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How To Tell If You Have Postnatal Depression

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One in seven new mothers suffer from depression, so it will come as a relief that British doctors have identified the first advance blood test for postnatal depression.

According to Sky News, the development could see pregnant women have a £10 screening test which would allow those found to be at risk to receive treatment before they give birth.

Professor Dimitris Grammatopoulos, who led the research at University Hospitals Coventry and Warwickshire NHS Trust, described the research as being "extremely important".

post natal depression

He told Sky News: "There is evidence that if you can identify women at risk early you could treat early or introduce measures to prevent or stop the process of the disease."

Talking to HuffPost UK Lifestyle, Emma Laing, Midwiffery Manager for Tommy's said: "Postnatal depression usually develops within four to six weeks. The most common symptoms include a low mood, feeling unable to cope and difficulty in sleeping.

"The problem is that it’s pretty common once you’ve had a baby, that you're dealing with mood changes and baby blues which hits in at day three where you get tearful after the birth. But these baby blues shouldn't last longer than a week and so if you are feeling like this, those are the signs to watch out for. You may need to speak to someone – your midwife, GP, friends and family.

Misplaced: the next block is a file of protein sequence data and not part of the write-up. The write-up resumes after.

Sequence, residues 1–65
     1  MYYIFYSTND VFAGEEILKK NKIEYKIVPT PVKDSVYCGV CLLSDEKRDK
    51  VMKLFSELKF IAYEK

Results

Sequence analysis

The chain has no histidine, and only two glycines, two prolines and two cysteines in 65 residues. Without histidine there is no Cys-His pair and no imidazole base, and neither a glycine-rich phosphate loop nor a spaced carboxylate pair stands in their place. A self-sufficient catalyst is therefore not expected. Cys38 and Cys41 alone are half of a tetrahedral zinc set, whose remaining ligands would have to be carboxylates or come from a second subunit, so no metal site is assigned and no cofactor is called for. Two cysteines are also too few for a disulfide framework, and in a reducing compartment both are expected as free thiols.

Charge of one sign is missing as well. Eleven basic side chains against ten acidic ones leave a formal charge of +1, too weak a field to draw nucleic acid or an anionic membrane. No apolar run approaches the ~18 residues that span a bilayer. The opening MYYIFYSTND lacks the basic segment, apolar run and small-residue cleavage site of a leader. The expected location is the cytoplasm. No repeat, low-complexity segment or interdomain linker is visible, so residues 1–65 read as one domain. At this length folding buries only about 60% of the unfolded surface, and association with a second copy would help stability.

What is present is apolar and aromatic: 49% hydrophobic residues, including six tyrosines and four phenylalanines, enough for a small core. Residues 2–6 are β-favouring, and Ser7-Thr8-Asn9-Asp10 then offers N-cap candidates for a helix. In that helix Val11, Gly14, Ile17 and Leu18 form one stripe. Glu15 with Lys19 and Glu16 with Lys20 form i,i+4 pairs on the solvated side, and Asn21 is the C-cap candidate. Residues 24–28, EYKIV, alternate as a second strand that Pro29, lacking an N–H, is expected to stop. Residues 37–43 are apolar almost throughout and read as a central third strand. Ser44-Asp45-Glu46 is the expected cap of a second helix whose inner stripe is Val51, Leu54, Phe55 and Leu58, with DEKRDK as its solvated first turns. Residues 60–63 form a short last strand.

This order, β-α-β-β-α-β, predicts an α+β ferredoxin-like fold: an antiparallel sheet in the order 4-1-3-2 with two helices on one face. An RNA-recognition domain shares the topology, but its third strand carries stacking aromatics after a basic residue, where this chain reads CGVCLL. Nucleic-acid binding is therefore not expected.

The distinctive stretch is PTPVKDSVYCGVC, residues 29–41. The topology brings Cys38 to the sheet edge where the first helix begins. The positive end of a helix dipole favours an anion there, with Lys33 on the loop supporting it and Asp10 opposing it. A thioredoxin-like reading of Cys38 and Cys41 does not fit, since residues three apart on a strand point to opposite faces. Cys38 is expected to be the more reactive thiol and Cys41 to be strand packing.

"The good news is that it is treatable and getting the help will fix the problem. No one will think badly of you – it’s actually quite common. You do want to get help though, as you don’t want that to impact on bonding with your baby. You can get the advice, CBT (Cognitive Behavioural Therapy), and anti depressants that are fine to take when breastfeeding. It's not until women get the treatment that they realise how low they felt."

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According to the news channel, a study of 200 pregnant women, published in the Journal of Psychiatric Research, found two molecular "signatures" in the genes that increased the risk of postnatal depression by up to five times.

Researchers believe that changes in oestrogen levels make pregnant women more sensitive to the stress hormone cortisol, and those with the genetic variations are unable to correct the hormonal imbalance after giving birth.

Prof Grammatopoulos has claimed he could test women for the genetic changes for £30-£40, but the cost could be reduced to £10 if the screening system is automated.

Scientists are now hoping to refine the tests still further, and the tests could be ready within five years, Sky News said.

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